A while later, during a moderated caucus, the Che Feasibility Report from University Centers was read aloud. After some discussion, it appears that regardless of where the estimates come from, the costs of repairing the Che Cafe are very high. However, AVP EJA Sierra Donaldson pointed out that neither members of the Che Cafe nor members of the Ad Hoc Committee were notified of the walkthroughs that the University took through the facility. She also mentioned that it is unfair to blanket all of the issues with the facility and how basically the University presents something and A.S. Council can only react to it, as well as the fact that there isn’t enough transparency.

Donaldson’s statement was countered by a statement from AVP Student Services Mehyar about not facing the inevitable fate of the Che Cafe which A.S. Council is apparently “chasing down a rabbit hole.”

Whether or not the Che Cafe can be saved in a fiscally responsible manner, it is a historic institution that has impacted, and continues to impact students, alumni and members of the San Diego Community in a personally significant manner. We cannot forget that when we discuss the issue.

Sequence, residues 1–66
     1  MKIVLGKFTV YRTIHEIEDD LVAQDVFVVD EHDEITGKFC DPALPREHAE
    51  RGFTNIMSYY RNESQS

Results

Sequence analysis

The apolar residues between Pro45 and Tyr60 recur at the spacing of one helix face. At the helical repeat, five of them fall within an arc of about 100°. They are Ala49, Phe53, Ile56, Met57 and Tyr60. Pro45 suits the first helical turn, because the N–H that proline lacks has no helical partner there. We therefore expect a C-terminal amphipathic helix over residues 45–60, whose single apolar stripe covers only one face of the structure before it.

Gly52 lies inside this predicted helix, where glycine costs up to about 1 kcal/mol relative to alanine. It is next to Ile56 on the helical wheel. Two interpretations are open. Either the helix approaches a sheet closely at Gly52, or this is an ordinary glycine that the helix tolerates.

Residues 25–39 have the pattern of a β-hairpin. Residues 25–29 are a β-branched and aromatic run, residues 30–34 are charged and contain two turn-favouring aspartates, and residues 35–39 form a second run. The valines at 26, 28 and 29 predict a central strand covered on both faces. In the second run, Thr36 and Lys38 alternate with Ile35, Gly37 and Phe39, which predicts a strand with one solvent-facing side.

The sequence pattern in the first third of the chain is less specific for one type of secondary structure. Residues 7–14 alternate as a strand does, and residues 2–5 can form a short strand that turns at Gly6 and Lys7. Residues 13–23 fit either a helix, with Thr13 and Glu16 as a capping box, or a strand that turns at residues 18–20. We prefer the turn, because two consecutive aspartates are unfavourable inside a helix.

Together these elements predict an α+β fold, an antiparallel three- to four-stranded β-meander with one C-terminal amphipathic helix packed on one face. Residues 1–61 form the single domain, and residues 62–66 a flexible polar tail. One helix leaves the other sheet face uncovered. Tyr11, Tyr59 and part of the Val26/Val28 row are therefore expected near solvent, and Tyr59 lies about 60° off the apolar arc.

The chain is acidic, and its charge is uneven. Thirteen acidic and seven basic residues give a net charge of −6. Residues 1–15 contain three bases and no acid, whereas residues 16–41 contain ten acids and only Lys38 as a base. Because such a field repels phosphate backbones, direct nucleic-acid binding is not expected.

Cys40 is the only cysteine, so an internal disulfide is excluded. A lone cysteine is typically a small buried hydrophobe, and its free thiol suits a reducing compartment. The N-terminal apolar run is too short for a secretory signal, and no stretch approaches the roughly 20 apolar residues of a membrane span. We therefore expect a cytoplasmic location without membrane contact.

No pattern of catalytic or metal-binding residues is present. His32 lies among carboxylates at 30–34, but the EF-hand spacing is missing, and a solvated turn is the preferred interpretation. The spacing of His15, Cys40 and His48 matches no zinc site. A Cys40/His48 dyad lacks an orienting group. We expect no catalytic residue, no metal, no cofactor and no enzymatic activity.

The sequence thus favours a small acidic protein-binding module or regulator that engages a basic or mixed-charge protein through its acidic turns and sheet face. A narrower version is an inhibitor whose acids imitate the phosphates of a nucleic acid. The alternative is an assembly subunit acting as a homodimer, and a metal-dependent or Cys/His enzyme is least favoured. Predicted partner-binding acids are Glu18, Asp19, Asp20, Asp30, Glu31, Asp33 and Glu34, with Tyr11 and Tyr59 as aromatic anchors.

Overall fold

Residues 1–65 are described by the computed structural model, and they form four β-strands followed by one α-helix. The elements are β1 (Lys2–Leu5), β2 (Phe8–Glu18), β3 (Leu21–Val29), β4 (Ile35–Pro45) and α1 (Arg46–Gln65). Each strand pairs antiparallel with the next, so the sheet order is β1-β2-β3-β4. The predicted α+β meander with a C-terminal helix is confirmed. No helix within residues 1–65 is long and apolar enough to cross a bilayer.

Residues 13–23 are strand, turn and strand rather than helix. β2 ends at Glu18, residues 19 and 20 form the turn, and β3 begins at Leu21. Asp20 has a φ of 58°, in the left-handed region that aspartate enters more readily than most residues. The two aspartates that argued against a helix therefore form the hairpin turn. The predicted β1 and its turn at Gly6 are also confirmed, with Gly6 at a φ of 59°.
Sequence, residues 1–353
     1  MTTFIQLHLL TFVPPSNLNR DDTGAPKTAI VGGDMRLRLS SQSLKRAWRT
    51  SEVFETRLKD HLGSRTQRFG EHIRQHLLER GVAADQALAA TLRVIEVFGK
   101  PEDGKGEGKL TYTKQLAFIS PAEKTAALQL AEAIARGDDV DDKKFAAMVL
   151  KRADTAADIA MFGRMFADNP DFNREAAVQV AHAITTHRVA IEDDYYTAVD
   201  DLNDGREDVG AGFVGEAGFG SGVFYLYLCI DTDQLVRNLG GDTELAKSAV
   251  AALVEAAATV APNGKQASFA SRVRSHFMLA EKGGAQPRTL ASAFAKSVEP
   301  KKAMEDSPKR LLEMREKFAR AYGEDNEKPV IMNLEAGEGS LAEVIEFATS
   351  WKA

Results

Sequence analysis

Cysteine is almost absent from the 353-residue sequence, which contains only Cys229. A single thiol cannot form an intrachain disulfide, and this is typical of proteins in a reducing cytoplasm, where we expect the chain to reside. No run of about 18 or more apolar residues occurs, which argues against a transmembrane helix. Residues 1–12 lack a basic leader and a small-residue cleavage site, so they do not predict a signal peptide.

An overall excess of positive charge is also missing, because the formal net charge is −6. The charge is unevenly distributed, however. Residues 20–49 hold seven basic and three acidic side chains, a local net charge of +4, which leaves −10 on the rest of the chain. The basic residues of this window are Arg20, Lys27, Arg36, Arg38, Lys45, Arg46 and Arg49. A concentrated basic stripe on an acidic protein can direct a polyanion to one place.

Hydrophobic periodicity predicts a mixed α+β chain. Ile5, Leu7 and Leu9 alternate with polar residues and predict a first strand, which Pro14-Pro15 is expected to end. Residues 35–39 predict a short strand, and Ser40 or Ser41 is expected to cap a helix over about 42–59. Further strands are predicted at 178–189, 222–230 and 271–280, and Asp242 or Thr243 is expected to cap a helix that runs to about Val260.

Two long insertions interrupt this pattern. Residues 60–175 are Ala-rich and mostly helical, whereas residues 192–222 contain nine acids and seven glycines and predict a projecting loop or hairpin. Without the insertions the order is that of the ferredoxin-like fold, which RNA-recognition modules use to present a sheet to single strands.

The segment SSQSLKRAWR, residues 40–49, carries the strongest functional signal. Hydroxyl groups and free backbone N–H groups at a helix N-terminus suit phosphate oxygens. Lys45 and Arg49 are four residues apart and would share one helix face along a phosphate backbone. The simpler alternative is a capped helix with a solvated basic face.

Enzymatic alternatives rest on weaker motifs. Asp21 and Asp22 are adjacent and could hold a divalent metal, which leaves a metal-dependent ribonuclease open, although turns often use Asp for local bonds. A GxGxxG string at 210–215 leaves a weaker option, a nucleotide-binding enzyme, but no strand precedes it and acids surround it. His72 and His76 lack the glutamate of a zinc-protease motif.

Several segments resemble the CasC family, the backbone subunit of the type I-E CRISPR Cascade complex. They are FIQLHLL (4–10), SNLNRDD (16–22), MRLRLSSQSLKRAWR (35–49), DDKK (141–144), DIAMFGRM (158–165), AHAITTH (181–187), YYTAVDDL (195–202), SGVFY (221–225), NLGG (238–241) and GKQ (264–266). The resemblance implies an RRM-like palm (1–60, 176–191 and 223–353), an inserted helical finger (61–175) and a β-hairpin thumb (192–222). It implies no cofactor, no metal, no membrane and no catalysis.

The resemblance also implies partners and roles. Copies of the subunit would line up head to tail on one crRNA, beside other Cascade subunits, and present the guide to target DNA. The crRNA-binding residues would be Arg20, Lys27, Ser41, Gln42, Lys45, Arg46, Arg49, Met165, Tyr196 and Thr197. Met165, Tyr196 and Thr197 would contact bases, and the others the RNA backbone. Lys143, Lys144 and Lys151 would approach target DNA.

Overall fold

During the Report of Members, President Robby Boparai announced that his office will be hosting sundry education programs, including sexual assault prevention and safe drug use. Also, the Food Pantry will be opening the first Thursday in February. The rest of the offices gave reports on what their offices are doing, after which Sixth Senator Angie Saavedra suggested putting all of the events on a Google Doc so we can keep track of them. That is an awesome idea! Please share me on the doc if you all decide to make it. [email protected].

After the approval of motions made by VP Finance Igor Geyn, the meeting moved to legislative committee and the plethora of proposed amendments on tonight’s agenda. AVP Local Affairs Firoozi moved to limit the number of times council members can speak to three times for each legislative item. 16–8–1 it passes! Yay! This should save time. The meeting adjourned a little before midnight so it still ended up lasting about six hours, which is roughly four sleep cycles.

The first legislative item was the amendment to make the position of VP Finance and Resources a non-voting, appointed position which passed by a vote of 20–1–0.